Wednesday, February 25, 2015

The 'Spirit of Goodyear' Gondola Touches Down at Western Reserve Historical Society

The gondola's final resting place is in the Crawford Auto Aviation Museum.
This gondola doesn't have a bucket list, but it probably flew over a few of the items on yours. In its 31 years in flight with three different blimps, the gondola soared over three Super Bowls, three World Series games and the Daytona 500.

Today, the gondola touched down for the last time at the Western Reserve Historical Society's Crawford Auto Aviation Museum thanks to a donation from Goodyear Tire & Rubber Co. The 23-foot, 3,400-pound vessel joined the Setting the World in Motion exhibit in an unveiling event Wednesday afternoon.

While it rests safely near the Euclid Beach Carousel now, the gondola was most recently in flight with the Guinness World Record-winning Spirit of Goodyear airship. That blimp didn't give up its standout career without a fight. Before the gondola's unveiling, Spirit of Goodyear pilot Jerry Hissem gave a dramatic retelling of its last landing in Pompano Beach, Florida. He said it took three tries.

"I don't know if I've done three go-arounds in my whole career," he said. "I've done one or two but not three."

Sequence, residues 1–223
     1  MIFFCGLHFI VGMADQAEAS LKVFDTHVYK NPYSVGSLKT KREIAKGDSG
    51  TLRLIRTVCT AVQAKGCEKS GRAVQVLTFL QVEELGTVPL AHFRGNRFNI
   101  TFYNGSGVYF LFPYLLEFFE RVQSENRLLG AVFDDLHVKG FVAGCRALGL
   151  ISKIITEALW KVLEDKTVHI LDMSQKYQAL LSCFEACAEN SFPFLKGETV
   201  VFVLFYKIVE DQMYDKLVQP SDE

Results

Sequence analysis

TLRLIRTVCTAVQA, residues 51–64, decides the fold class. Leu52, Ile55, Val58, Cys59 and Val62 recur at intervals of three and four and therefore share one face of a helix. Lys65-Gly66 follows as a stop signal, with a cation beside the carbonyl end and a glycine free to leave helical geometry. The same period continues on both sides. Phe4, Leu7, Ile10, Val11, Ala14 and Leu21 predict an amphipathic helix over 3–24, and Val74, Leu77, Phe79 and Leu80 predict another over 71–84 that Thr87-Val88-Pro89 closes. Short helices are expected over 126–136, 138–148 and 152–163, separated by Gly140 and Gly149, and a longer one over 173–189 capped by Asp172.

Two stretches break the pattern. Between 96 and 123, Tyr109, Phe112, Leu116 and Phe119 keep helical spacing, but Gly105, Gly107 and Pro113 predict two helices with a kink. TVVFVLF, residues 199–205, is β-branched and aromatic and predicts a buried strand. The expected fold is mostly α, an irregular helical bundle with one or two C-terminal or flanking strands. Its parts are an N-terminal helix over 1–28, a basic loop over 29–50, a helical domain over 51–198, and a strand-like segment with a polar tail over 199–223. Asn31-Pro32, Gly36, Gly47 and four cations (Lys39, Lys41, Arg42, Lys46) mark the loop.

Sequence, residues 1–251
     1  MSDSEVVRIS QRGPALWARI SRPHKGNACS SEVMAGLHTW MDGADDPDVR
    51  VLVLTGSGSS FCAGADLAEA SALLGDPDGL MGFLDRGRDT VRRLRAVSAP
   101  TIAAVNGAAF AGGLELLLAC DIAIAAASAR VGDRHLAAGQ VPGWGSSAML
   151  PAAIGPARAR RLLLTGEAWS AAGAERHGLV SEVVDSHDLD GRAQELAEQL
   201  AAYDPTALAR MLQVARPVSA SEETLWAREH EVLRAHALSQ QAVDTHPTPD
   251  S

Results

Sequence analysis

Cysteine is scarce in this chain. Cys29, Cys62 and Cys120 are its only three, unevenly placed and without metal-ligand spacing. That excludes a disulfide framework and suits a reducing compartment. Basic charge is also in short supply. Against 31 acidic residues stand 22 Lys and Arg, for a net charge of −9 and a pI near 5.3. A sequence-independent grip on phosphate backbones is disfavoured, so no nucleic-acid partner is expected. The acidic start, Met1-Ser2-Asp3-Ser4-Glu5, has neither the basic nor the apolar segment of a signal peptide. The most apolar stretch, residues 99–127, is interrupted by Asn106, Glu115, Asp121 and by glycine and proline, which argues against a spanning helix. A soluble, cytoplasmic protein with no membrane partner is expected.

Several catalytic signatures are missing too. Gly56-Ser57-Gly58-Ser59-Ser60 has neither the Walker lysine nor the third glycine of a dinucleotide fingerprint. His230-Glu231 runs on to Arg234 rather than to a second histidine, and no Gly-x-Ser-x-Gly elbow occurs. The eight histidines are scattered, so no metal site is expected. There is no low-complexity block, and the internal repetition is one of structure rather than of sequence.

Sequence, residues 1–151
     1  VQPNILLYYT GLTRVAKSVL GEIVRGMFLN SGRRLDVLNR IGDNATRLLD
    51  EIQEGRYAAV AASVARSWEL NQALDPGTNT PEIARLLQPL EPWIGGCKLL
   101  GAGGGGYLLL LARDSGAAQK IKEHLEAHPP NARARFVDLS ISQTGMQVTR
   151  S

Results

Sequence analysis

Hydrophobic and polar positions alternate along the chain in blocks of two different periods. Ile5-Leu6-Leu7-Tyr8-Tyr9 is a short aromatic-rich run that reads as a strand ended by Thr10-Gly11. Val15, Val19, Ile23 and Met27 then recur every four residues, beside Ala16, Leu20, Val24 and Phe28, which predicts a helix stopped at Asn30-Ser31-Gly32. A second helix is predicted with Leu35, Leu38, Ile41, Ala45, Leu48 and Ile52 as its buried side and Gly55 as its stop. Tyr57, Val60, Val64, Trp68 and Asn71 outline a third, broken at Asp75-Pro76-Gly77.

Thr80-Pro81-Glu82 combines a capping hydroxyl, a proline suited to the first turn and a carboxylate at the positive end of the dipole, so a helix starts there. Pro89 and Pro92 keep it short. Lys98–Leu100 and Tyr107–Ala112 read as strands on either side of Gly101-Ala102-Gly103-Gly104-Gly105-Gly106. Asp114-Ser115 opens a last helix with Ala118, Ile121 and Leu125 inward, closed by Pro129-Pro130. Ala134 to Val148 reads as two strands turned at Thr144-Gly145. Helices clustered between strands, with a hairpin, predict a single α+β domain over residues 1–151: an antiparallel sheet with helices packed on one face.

The crew also struggled to wrangle the blimp into the hanger, as if it was reluctant to go, proving to Hissem that the airship has a soul.

Here are some of his favorite sights from 1,500 feet in the air.

Boston Pops. "To fly over and see the fireworks at night over the Charles River up in Boston is very memorable. CBS usually films the Boston Pops, and they have a TV show that we got to go out there for."

Manhattan Skyline. "In general, just flying in Manhattan up and down the Hudson River, that's memorable. Just to see Central Park at night. You see the whole Manhattan island, and Central Park is just this black square with no light."

Kentucky Derby. "There were 14 or 15 aircrafts over Churchill Downs, such a little spot. They separated us with altitudes. So they had the banner towers and airplanes at one altitude, helicopters at another altitude, and blimps would be the highest."

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